Ethiopia will start filling its $5 billion hydroelectric dam on the Nile River in two weeks, the Ethiopian government said, according to Anadolu Agency.
The announcement came on Saturday, one day after an online summit between leaders of Ethiopia, Sudan and Egypt convened by the African Union (AU) for negotiations on guidelines for the Grand Ethiopian Renaissance Dam (GERD).
Ethiopian Prime Minister Abiy Ahmed’s office said the three countries have agreed to continue dialogue and reach a deal within the next two weeks.
“Ethiopia is scheduled to begin filling the GERD within the next two weeks, during which the remaining construction work will continue. It is in this period that the three countries have agreed to reach a final agreement on a few pending matters,” it said in a statement. “The meeting also resolved to notify the United Nations Security Council that the Africa Union is seized of the matter.”
South Africa’s President Cyril Ramaphosa, current chair of the AU, presided over the meeting, which was attended by representatives of the Bureau of the AU Assembly, comprising Kenya, the Democratic Republic of Congo and Mali.
AU Commission Chairperson Moussa Faki Mahamat participated in the discussions.
All officials urged Ethiopia, Sudan and Egypt “to cease unnecessary media escalation.”
A communique by the Bureau of the Assembly of the African Union issued Saturday said it “decided to lend renewed impetus to the tripartite Negotiations and urged the three Parties to expeditiously work towards finding a mutually acceptable and amicable solution on the outstanding technical and legal issues in the negotiations process.”
The Bureau, it said, “Welcomed the commitment of the three Parties to an AU-led process … and agreed to augment the Tripartite Committee dealing with the GERD issue consisting of Egypt, Ethiopia and Sudan with the participation of observers, namely South Africa its capacity as Chairperson of the AU, and experts from the Commission, with a view to addressing outstanding technical and legal issues.”
Ethiopia started building the GERD in 2011 on the Blue Nile, a tributary of the Nile River, near the border with Sudan.
The construction of the 147-meter (482 feet) high, 1.8-kilometer (1.1-mile) long project is expected to be completed by 2023.
With a reservoir capacity of 74 billion cubic meters, the hydroelectric dam will produce 6,475 megawatts for Ethiopia’s domestic and industrial use, as well as export to neighboring countries.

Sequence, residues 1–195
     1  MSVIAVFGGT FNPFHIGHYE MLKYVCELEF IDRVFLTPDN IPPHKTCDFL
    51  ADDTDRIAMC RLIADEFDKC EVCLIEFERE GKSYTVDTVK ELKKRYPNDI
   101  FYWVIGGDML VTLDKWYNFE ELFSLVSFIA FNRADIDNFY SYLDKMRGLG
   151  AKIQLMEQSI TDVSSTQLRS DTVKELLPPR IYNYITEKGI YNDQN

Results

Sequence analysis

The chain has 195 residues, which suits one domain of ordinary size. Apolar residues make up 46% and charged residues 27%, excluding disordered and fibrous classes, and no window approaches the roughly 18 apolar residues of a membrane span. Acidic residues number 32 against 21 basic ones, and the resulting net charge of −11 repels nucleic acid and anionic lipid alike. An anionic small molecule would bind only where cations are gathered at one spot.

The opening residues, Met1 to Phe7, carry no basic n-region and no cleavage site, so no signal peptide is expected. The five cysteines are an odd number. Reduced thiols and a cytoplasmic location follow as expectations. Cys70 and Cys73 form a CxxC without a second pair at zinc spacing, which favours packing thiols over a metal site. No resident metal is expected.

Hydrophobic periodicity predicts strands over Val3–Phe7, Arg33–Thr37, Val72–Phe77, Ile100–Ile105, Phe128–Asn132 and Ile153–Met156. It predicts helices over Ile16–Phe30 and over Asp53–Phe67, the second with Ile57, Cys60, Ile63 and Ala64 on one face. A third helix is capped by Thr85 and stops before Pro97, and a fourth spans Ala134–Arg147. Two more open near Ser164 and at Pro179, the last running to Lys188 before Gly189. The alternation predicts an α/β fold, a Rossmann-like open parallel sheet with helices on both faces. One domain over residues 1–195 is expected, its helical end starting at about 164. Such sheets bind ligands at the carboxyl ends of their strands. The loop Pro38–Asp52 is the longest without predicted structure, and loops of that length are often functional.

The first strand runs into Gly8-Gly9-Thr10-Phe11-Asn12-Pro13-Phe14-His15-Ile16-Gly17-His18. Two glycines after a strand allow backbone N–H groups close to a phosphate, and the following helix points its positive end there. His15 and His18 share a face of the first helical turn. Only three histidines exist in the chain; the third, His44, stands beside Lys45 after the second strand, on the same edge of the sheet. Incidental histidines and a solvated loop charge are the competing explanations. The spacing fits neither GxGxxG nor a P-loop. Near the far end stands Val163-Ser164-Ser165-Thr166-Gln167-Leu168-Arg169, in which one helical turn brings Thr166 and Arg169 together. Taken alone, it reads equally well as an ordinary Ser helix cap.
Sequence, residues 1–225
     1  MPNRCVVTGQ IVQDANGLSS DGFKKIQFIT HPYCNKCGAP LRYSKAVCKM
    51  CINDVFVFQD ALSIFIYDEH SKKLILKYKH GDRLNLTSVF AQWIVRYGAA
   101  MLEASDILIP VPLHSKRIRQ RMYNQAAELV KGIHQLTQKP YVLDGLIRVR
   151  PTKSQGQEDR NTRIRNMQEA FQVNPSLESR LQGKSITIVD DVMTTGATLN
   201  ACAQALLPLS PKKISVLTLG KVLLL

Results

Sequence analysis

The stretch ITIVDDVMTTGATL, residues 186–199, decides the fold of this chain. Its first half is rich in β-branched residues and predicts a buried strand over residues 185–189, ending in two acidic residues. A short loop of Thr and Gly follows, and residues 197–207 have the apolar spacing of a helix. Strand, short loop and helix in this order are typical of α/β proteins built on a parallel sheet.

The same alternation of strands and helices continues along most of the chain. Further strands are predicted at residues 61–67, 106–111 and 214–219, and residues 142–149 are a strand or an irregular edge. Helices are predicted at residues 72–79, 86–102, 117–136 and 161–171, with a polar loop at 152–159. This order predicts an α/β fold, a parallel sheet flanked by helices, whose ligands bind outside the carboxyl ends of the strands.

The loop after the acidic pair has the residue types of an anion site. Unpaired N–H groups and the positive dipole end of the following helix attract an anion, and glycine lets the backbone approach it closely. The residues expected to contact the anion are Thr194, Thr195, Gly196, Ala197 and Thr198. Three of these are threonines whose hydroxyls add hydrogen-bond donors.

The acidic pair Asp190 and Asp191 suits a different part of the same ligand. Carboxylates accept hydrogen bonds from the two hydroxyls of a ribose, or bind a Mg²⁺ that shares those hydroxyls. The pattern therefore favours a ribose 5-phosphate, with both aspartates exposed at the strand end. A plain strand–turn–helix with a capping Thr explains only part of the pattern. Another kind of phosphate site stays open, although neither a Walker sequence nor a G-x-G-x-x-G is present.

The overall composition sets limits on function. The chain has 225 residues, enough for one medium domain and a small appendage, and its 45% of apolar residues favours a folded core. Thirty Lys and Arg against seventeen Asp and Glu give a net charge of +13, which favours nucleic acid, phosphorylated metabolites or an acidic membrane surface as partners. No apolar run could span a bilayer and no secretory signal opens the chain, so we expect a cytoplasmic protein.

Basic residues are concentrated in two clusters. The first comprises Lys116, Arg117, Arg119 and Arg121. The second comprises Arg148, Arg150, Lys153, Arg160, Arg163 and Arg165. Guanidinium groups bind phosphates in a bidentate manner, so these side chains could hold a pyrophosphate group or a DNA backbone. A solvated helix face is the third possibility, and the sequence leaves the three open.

Ethiopia, Sudan, Egypt met Friday under AU auspices
Leaders of Ethiopia, Sudan and Egypt met last Friday, 26 June 2020, to deliberate on the faltering trilateral technical and legal negotiations on Ethiopia’s $5-billion hydro dam on the Nile River.
Ethiopian Prime Minister Abiy Ahmed, Sudanese Prime Minister Abdalla Hamdok and Egypt’s Abdel Fattah al-Sisi attended the video conference organized by the African Union Commission. South African President Cyril Ramaphosa, also the chairperson of the African Union for this year, presided over the meeting that also saw the attendance of Kenyan President Uhuru Kenyatta.
“Fruitful discussions on African Solutions to the #GERD with the Bureau of the AU Assembly plus #Ethiopia, #Sudan & #Egypt. I appreciate @CyrilRamaphosa for his leadership in facilitating these high-level talks of continental significance,” Abiy, Ethiopia’s 2019 Nobel Laureate for Peace, said on Twitter.
He also expressed gratitude for Ramaphosa who played an active role in bringing the three leaders together.
“Our continental organization, with a Pan-African spirit, is the right space for a dialogue on issues that are of value to #Africa. The #GERD offers all stakeholders the opportunity for unprecedented economic growth and mutual development,” Abiy said.
Talks between the three resumed this month after having been suspended since February after a series of meetings held in Washington under the auspices of the US, UN and World Bank.
Ethiopia launched the $5-billion Grand Ethiopian Renaissance Dam (GERD) project in 2011 at a site 25 kilometers (15.5 miles) from its border with Sudan.
Ethiopia hopes to retain 4.9 billion cubic meters of water during the coming rainy season in July and August as part of the first-phase filling and the volume will be enough to test two turbines in mid-2021.